Honestly, I never get to play in London. But the last time I played was absolutely incredible. As for record shops… I live in Berlin. I get my share of vinyl here, and if there is something I absolutely need to have I order it online, so I rarely record shop in other cities. I guess that’s a horrible thing for a DJ to say in an interview, but it’s the truth. I guess I’d vouch for Phonica though.

Reading an older interview, you said you went through a period where you didn't have much to say musically. What's the current output of your studio like? Is the turbulent state of the world helping or hindering your creative output?

I’m having the most fun since I started making music. I’ve reached a point where I’m very technically fluent, and I can finally translate ideas or concepts that I wasn’t able to write before. My coordination is still horrible for playing instruments, but I understand music theory at a greater depth now. This means there will be more material coming from me after the summer. I wouldn’t say they’re massive hits, but I believe in them regardless of how well they are received. I’m also started to branch out into other genres. It’s really just the beginning, but it’s becoming increasingly apparent that song-writing elsewhere will be the direction of my 30s. Techno will always be in my DNA.

You're playing alongside Gaiser for his album tour. Do you have any plans to follow up your own debut album 'Monoliths'? Do you think next time you might go for an album that deviates from dance floor techno?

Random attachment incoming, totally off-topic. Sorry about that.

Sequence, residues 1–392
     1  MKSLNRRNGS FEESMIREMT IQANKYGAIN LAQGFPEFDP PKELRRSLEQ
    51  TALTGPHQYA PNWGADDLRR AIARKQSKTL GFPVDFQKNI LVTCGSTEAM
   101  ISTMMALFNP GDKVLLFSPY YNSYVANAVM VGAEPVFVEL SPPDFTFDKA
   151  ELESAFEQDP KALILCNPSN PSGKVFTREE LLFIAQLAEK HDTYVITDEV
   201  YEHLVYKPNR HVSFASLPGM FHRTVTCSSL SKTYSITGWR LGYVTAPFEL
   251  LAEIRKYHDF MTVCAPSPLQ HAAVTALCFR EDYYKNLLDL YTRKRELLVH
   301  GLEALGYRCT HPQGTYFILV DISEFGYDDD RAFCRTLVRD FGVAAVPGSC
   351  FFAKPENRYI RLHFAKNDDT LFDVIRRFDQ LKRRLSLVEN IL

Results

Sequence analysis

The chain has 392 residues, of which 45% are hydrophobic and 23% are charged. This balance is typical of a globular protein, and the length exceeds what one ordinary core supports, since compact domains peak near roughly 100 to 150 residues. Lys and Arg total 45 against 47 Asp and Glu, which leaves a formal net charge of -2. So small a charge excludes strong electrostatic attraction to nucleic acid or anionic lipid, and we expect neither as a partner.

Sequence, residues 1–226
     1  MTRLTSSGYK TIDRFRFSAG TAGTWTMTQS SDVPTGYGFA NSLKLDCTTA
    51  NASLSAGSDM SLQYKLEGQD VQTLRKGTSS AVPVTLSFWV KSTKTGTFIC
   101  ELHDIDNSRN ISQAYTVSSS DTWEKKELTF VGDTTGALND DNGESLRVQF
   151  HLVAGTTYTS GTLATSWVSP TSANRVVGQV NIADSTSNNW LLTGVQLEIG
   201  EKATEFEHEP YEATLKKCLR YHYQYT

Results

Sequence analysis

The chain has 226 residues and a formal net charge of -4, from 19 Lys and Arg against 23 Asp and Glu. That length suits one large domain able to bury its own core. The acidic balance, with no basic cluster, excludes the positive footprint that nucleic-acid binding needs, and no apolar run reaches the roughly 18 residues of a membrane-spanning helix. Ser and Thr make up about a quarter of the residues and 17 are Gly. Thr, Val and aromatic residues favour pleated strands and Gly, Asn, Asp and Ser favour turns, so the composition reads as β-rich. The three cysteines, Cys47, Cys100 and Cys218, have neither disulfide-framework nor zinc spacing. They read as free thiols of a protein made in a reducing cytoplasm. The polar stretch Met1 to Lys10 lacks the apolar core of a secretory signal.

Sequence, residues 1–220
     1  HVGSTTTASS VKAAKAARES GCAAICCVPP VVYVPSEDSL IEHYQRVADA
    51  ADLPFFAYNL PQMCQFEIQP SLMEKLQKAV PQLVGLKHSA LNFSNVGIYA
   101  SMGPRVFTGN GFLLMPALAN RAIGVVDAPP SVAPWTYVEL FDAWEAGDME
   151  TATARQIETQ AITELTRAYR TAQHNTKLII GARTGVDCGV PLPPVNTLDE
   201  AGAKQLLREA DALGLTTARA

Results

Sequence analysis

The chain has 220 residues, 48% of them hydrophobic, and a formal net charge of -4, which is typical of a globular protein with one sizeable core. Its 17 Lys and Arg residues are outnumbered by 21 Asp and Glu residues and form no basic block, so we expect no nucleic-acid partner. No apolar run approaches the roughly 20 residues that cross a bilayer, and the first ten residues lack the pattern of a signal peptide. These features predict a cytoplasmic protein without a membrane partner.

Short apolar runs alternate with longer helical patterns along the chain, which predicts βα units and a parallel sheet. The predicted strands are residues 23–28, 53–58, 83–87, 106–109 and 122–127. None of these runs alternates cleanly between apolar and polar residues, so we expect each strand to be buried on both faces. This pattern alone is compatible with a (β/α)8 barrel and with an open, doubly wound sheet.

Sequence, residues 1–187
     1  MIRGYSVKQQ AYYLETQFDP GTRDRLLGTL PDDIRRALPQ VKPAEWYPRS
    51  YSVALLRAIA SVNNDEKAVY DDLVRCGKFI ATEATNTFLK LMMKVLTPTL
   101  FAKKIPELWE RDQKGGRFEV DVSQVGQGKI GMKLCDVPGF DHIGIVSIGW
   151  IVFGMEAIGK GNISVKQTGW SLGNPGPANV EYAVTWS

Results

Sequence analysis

Yes. I started one last year, but I felt it was more of the same so I will put some of the tracks on EPs instead. Doing an album can be a lost cause these days. Not many people listen to them anymore and most musicians write one simply as an excuse to tour. However, with that being said I am still a massive supporter of the album format… for the musician!

There is no greater way to push your art than by undertaking a big project. If you remodel your home, take a class, or learn a new skill, you come out stronger and more educated on the other side. The chances of returns like this are considerably smaller when the task is smaller. If you’re a musician, you should write an album anyway, even if it’s just for you and your friends. You’ll learn from the process and you’ll feel like you’ve accomplished something.

As for my next album, I have things in early stages. It won’t be a techno album but there will be an undeniable hypnotic, electronic backbone that can come only from techno.

What's next for your label Enemy?

Two women have joined the label, Nastia Reigel and Gabriella Vergilov. Nastia’s record is very dark and tough while Gabriella’s record is the opposite. There will also be a new one from myself, and a follow up from Z.I.P.P.O. The label is picking up the pace. I used to sit back and wait for my friends to give me music that I liked. Now, I’m very into the idea of pushing them harder. I never chase after my friends for music, but these days I have no problem lighting a fire under their ass or telling them they can do better. They get bummed out for 15 minutes, but they always come back with an EP that is much better than what they originally intended. This is what labels need to do.

Name three tracks that sum up what you're likely to play at Egg Presents

Actually, I have no clue what time I play yet, so that would determine everything. This weekend I had to pick out a bunch of techno for someone who knows nothing about it, so it reminded me of so much great music. I’ll have too much that I want to play.

Tell us something interesting about yourself that isn't currently public knowledge...

A while back, I seriously considered studying with the Upright Citizens Brigade but I never convinced myself that I had what it takes.